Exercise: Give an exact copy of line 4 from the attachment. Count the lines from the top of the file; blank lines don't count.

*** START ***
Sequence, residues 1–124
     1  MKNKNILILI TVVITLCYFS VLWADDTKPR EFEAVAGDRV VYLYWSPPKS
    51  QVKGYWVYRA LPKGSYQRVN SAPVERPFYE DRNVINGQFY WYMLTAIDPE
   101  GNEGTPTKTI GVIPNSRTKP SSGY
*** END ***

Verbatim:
   101  GNEGTPTKTI GVIPNSRTKP SSGY